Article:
Anti-government demonstrators blocked polling stations in Bangkok and several southern provinces Sunday, preventing voters from casting advance ballots a week ahead of the scheduled general elections.
Advance voting for the February 2 election was prevented by demonstrators who surrounded dozens of polling stations and padlocked at least two stations in the capital.
By 9 am, at least 13 polling districts in Bangkok had cancelled voting and shut down because officials and voters could not get in.
The poll disruptions were seen as a serious setback to the government of caretaker Prime Minister Yingluck Shinawatra, which scheduled the snap election to bolster its legitimacy in the face of protests in Bangkok.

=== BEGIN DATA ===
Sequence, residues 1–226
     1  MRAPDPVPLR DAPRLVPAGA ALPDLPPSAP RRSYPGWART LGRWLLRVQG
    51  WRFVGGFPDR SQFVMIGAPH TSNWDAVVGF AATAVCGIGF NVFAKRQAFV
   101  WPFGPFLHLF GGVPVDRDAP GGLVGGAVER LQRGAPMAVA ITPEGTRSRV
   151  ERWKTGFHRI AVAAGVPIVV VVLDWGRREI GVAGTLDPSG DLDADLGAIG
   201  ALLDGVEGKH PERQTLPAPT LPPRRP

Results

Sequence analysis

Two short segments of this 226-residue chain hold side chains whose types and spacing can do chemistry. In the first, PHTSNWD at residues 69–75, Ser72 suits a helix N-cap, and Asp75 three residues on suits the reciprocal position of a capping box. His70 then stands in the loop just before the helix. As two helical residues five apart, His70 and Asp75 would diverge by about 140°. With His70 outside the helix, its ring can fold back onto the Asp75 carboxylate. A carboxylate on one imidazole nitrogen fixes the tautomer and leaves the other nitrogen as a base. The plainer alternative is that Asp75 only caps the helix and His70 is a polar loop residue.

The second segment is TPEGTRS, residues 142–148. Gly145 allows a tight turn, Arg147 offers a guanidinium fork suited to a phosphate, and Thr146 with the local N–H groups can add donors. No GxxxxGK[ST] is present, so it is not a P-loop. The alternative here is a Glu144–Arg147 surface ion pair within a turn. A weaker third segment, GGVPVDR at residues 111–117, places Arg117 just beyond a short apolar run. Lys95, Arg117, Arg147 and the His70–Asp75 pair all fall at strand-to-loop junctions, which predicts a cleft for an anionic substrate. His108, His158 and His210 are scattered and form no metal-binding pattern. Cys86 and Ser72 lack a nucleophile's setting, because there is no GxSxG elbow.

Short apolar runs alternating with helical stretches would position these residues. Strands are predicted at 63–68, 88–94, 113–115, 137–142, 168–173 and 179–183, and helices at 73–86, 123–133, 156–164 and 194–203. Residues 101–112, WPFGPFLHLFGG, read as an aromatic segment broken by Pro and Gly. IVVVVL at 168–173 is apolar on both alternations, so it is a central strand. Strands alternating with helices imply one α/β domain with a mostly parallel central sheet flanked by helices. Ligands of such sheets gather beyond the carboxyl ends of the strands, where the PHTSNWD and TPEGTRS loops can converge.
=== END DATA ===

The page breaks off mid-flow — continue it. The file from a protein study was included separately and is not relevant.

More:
Her Puea Thai Party is expected to win the elections because of its popularity in populous northern and north-eastern provinces, and the main opposition Democrat Party has refused to participate.
With electoral boycotts in many southern districts, there are doubts over whether the process will elect enough members to parliament for a necessary quorum to form legal government.
Anti-government protesters are demanding political reform before any new elections, to reduce the continuing influence of Yingluck's elder brother, former premier Thaksin, who fled the country in 2008 to dodge a two-year jail term for corruption.